World oil prices crossed $40 a barrel in mid-summer, and have since climbed to the mid-$50's. Today's oil prices are still only two-thirds the real peak reached during the Iranian Revolution of 1979, and future markets expect the oil price to fall back and settle at perhaps $45 a barrel. But the current high level of oil prices has led forecasters to start reining in their expectations for economic growth.
"Higher oil prices are here to stay," says the American economic forecaster Allen Sinai. "[T]hat has to subtract growth and could cause core inflation to pick up." Indeed, according to Sinai, higher oil prices are "the biggest risk...since the bursting of the stock-market bubble in 2000-2001."
Sinai is hardly alone. If the oil price stays at $40 a barrel, expect it to have next to no effect on short-term world GDP growth. But if the oil price remains at or near $60 a barrel, expect everyone's forecasts of GDP growth to be reduced by 1% per year.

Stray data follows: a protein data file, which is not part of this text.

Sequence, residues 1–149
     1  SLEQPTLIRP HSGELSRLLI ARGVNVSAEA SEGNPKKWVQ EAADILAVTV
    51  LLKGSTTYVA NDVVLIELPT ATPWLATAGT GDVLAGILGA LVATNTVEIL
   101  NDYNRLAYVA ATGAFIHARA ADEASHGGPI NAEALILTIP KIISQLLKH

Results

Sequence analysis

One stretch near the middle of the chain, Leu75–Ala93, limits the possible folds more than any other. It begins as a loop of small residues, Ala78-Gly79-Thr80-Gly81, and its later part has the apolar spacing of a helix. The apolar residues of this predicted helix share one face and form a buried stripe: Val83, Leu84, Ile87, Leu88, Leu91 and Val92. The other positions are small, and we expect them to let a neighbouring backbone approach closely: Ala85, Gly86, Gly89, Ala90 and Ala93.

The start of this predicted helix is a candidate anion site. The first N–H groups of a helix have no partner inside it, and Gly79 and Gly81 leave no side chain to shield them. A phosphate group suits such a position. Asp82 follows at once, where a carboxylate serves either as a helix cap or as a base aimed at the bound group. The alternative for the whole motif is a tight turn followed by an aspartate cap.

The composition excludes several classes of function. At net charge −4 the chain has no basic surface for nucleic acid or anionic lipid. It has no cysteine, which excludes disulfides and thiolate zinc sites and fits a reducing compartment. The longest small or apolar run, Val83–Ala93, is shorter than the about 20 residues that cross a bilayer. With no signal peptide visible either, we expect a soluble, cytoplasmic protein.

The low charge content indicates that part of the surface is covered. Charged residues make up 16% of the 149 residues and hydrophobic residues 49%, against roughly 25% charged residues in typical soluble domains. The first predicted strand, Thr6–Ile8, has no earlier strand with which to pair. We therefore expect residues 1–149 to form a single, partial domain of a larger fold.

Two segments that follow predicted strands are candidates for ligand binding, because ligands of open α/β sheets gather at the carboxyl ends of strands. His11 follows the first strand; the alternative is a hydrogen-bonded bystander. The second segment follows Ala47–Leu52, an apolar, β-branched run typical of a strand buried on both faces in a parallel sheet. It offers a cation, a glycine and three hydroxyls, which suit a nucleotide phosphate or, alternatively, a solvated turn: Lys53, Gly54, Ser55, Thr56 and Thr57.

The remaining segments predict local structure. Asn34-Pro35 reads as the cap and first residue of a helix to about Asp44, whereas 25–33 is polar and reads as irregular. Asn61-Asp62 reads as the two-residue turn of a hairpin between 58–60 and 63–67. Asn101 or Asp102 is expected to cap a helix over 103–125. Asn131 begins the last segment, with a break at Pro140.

High oil prices also threaten to slow long-term productivity growth. With high - and volatile - oil prices, businesses will focus their investments less on boosting productivity and more on maintaining flexible energy usage. At $40 a barrel, expect oil prices to slow the long-run growth rate of the world's potential output by 0.1% per year. At $60 a barrel, expect the "measured" long-term rate of potential world output growth to slow by roughly 0.3% per year.